News and Opinion from Sisters, Oregon

Support, concerns on shelter

Members of the public voiced their support for the proposed permanent Cold Weather Shelter during visitor communication at last week’s City Council meeting — as well as concerns about the shelter’s location.

The adjacent property owner to the proposed shelter runs an adult foster care home in a matching building next door. She voiced concerns that the proposed shelter property has no yard, no driveway, and is connected to her building with a paver pathway. She is concerned about having shelter guests who may have mental health, addiction, or criminal issues right next door.

Located directly in front of the property on Tall Fir Court is a preschool full of young children. If any of the shelter guests were identified sex offenders, they would be in violation of their parole by being that close to a facility for children. The changing population of the shelter could increase the possibility of COVID-19 exposure. And lastly, she is concerned about the effect of the shelter on the surrounding families and the neighborhood and property values.

Members of the shelter board spoke in favor of asking for Council support. Sharlene Weed, executive director of Habitat for Humanity, is hopeful that interested parties can sit down and talk about concerns and answer questions. She reminded those present that the issue of houselessness is a big and growing problem that all must grapple with. According to latest figures, 66 camps containing 200 people are on USFS land.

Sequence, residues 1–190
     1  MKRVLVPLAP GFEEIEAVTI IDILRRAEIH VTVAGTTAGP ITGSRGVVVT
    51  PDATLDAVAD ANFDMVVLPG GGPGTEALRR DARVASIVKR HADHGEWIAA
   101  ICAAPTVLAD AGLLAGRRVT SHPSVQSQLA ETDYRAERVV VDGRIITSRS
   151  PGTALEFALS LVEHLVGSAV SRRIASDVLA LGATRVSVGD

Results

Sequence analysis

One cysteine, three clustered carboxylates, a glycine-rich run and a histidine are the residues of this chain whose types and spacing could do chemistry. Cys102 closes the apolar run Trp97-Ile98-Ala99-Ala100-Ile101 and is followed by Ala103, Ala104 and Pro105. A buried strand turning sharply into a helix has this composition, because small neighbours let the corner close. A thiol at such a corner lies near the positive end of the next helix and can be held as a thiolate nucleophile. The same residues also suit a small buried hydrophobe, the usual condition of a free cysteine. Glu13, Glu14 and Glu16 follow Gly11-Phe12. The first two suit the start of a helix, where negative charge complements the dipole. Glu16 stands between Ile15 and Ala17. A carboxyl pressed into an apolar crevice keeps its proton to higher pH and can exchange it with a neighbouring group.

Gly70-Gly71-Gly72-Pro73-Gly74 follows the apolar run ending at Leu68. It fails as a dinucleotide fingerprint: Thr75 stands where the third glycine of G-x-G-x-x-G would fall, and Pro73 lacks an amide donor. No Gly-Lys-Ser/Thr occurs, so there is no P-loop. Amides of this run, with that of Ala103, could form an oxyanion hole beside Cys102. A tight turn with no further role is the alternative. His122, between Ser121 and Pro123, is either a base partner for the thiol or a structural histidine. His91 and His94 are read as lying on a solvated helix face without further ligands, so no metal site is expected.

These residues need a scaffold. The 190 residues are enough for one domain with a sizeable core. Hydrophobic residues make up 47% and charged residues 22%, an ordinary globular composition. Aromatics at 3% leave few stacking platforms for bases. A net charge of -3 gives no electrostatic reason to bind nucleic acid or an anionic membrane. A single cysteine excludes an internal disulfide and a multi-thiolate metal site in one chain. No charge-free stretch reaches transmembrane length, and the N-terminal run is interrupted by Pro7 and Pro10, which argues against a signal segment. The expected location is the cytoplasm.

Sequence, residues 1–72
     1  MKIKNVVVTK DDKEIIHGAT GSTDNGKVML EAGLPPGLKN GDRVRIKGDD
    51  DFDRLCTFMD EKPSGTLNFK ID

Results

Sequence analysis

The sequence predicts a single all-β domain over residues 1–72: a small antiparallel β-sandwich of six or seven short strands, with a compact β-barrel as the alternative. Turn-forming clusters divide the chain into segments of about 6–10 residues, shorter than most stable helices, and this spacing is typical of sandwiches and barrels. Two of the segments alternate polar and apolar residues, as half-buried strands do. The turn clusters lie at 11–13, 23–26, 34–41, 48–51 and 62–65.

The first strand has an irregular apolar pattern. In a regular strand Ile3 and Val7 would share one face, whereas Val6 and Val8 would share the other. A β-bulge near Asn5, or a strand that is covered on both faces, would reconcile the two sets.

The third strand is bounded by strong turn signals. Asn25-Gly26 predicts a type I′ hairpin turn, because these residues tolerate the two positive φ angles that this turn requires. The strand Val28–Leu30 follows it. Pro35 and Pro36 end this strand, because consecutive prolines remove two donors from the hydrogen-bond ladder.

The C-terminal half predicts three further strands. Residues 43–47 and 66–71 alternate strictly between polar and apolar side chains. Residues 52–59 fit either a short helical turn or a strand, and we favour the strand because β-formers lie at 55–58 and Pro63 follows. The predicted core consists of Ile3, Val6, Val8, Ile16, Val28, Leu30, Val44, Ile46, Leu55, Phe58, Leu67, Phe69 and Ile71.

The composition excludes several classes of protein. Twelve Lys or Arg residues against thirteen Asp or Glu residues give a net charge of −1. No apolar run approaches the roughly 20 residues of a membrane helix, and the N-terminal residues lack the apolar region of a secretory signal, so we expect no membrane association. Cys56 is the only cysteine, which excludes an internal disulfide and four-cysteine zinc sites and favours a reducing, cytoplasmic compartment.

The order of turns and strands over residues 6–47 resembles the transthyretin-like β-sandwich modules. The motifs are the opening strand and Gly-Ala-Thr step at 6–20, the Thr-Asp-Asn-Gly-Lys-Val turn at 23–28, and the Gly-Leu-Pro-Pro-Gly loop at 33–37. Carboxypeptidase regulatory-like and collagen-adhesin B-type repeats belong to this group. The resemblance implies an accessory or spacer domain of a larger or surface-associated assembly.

Evelyn Belotti-Bush, Cold Weather Shelter co-chair, thanked Council for the $1,500 community grant recently awarded to the shelter. She believes that using churches as shelter facilities is only a Band-Aid on the issue of houselessness.

She said, “We need a more permanent solution.”

In pursuit of funds through the American Rescue Plan Act, the shelter board has requested a letter of support from the City Council. Such funds would open “a building that would provide more than just shelter. It would be a safe place to go to take care of a number of needs in order to get better prepared to transition into permanent housing, get a job, and receive needed social services. We need a meeting with you (the City Council) to answer questions and concerns prior to the joint meeting of the Council and the Board of County Commissioners on October 13.”

Houselessness advocate Mandy Seeley, who has lived in Sisters for six years, three of those in the forest, urged the City Council to “do the right thing for all your citizens.”

Twenty-two-year Sisters resident Betty Shuler urged the Council “to dig in and find your empathy. Please reconsider your decision and provide a letter of support. It is time to come together to do really important work, to unify and build. The right thing is to take advantage of the money and the opportunity. You can change your mind.”

See related story, at left.


Reader Comments(0)